‘Simboli’, a near minute-long instrumental intro, is a callback to the band’s early serene lounge sound. ‘Etra Diva’ - the first real song - is a strong, emotive opening track that serves to set up lead single ‘Ode Al Mare’. Both cuts push the “Heliocardio” dreampop sound into better written and pristinely produced territory with Clinco’s soaring vocals and Cappiello’s minimal, floating guitar melodies taking the forefront. The only thing not to grow along is the drum programming, which sounds amateuristic at best. ‘Etre Diva’, ‘Ode Al Mare’ and ‘Yugen’ form the titular conceptual trilogy. ‘Convulsa Delicatezza di un Desideridio’ has lyrics written by Vera Clinco, a first for Caelestis. Hopefully she’ll continue to contribute more than just her angelic vocalizations in the nearby future output of Caelestis.

“Telesthesia” is the most ambitious Caelestis product thus far in production and presentation. The album was recorded at Black Eight Studios with Nico Esposito handling the production. Esposito gives “Telesthesia” an airy, breezy sound that is tonally rich and much warmer sounding than the preceding “Spyglass” single, and the earlier “Heliocardio”. The cover make-up and photography was done by Bianca Parisi, with additional photography by Imma Ercolano. Design and layout was handled by Caelestis multi-instrumentalist Cataldo Cappiello for ExNovo Studio. On all fronts “Telesthesia” is a marked improvement for the duo.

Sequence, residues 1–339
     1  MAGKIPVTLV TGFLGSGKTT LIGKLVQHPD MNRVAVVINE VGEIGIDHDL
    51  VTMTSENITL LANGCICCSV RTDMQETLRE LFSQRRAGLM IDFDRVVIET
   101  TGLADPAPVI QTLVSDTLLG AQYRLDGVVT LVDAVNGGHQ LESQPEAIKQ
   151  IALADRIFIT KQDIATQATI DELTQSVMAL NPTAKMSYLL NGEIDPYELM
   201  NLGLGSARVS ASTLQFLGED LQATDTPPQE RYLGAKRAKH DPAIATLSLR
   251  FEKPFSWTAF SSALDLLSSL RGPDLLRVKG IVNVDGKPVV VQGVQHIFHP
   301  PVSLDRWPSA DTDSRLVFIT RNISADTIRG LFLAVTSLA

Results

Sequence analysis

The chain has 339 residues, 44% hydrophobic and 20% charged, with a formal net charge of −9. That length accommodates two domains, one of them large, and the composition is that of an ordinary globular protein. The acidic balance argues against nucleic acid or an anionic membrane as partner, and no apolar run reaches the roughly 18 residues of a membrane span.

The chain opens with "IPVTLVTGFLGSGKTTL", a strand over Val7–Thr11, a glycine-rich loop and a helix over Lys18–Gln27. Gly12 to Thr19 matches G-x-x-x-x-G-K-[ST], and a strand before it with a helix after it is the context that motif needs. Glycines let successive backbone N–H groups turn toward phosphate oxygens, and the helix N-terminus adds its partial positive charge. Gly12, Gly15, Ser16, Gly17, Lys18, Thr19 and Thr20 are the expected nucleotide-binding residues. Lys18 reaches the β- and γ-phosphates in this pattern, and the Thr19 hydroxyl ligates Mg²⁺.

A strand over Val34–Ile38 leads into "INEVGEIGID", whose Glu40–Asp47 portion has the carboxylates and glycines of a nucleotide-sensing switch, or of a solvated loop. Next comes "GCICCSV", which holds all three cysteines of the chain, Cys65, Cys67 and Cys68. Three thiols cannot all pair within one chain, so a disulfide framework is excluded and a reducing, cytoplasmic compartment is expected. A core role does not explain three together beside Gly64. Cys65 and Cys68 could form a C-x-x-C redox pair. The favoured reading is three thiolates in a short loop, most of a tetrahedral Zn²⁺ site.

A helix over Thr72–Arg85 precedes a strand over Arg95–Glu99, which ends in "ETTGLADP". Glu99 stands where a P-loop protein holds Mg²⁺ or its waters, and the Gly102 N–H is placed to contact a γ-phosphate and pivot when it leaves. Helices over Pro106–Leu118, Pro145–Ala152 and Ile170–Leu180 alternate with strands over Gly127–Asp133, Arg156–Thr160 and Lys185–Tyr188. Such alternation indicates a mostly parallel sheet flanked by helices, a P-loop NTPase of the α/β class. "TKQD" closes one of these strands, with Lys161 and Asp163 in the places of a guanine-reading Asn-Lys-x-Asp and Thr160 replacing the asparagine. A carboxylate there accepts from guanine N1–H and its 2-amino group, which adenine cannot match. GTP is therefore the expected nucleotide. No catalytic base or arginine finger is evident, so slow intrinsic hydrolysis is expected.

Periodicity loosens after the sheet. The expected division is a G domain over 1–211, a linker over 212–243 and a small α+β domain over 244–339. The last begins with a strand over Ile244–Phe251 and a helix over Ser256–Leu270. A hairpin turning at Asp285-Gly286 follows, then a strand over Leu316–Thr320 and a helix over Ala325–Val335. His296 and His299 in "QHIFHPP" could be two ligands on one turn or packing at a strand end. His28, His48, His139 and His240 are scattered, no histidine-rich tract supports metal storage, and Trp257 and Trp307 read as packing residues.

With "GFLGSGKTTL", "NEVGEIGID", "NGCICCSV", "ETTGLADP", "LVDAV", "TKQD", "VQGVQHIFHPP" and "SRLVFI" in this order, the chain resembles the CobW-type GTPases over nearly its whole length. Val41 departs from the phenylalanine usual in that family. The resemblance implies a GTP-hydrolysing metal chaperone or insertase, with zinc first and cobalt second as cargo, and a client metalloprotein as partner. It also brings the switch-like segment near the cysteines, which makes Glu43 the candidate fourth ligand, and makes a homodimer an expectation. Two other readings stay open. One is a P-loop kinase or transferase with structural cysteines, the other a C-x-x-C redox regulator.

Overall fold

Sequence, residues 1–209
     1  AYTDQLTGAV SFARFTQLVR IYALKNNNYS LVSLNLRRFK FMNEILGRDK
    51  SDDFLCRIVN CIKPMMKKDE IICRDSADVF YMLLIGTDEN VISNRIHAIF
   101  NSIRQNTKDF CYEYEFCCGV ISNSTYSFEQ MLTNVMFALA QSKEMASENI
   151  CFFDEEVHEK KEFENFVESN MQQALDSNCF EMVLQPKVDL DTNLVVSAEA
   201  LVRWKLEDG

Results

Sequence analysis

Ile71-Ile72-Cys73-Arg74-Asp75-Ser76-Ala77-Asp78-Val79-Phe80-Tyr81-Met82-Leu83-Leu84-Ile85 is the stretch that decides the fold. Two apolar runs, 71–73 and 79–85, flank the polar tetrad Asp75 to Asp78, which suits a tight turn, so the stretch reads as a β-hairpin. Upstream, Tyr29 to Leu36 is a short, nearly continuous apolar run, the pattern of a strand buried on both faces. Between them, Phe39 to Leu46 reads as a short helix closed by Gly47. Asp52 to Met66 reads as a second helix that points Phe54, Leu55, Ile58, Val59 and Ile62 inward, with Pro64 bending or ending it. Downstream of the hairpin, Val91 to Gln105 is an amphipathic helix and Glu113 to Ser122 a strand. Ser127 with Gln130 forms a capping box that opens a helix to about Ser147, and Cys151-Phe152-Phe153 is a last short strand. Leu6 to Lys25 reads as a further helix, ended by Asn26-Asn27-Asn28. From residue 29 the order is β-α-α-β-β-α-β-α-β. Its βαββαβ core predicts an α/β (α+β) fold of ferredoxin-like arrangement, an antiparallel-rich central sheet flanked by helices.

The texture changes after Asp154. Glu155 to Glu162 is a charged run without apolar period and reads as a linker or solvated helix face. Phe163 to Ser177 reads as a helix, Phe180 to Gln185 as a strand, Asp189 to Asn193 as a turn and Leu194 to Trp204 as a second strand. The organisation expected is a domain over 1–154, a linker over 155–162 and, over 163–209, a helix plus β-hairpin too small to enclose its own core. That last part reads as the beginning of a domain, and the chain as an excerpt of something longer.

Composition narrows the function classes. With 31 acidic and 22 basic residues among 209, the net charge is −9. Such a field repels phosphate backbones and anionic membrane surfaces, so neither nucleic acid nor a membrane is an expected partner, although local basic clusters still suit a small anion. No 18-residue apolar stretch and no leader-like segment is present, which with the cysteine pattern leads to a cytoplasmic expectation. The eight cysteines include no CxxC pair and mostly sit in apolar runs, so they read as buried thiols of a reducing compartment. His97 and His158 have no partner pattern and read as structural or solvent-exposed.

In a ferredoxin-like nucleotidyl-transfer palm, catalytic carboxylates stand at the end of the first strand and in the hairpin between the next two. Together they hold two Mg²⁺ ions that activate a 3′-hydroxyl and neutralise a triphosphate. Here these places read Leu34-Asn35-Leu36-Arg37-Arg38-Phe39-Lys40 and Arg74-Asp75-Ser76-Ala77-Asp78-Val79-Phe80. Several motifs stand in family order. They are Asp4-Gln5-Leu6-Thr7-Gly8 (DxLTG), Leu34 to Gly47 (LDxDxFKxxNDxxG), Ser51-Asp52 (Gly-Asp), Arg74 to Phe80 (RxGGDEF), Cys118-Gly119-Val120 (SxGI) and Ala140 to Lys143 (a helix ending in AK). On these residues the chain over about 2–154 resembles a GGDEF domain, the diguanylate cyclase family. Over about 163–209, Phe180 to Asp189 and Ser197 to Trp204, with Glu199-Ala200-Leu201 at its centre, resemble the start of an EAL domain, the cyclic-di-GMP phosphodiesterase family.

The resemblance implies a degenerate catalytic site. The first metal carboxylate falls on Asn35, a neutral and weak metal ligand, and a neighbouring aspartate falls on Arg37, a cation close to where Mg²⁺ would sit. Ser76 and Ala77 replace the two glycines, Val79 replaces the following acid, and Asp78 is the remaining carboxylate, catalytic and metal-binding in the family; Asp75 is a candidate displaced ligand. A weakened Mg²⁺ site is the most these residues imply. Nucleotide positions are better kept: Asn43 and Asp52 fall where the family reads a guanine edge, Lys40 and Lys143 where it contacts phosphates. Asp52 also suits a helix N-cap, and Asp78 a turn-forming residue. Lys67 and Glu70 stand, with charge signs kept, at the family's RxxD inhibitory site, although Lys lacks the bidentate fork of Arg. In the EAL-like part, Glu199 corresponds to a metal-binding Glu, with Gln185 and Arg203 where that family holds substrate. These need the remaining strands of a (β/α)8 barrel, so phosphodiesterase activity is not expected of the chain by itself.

Having at long last abandoned the last of its circumstantial metal aspects and “Telesthesia” stands high above its precedessors. Now headlong into the post-rock/shoegaze and dreampop genres Caelestis has embraced all components that play up to the considerable strenghts of its creators. From “Telesthesia” Caelestis can move forward into any direction. Obviously Clinco’s sensual vocals fit the best with a smooth lounge or chill pop sound. Cappiello is at his best within a minimal setting, whether this is electronic, acoustic or wave-like ambient. Minimalism is what drove the early output of Caelestis and returning to that setting, after briefly flirting with gothic-pop, “Telesthesia” sets the stage for exploration of any of its associated subgenres.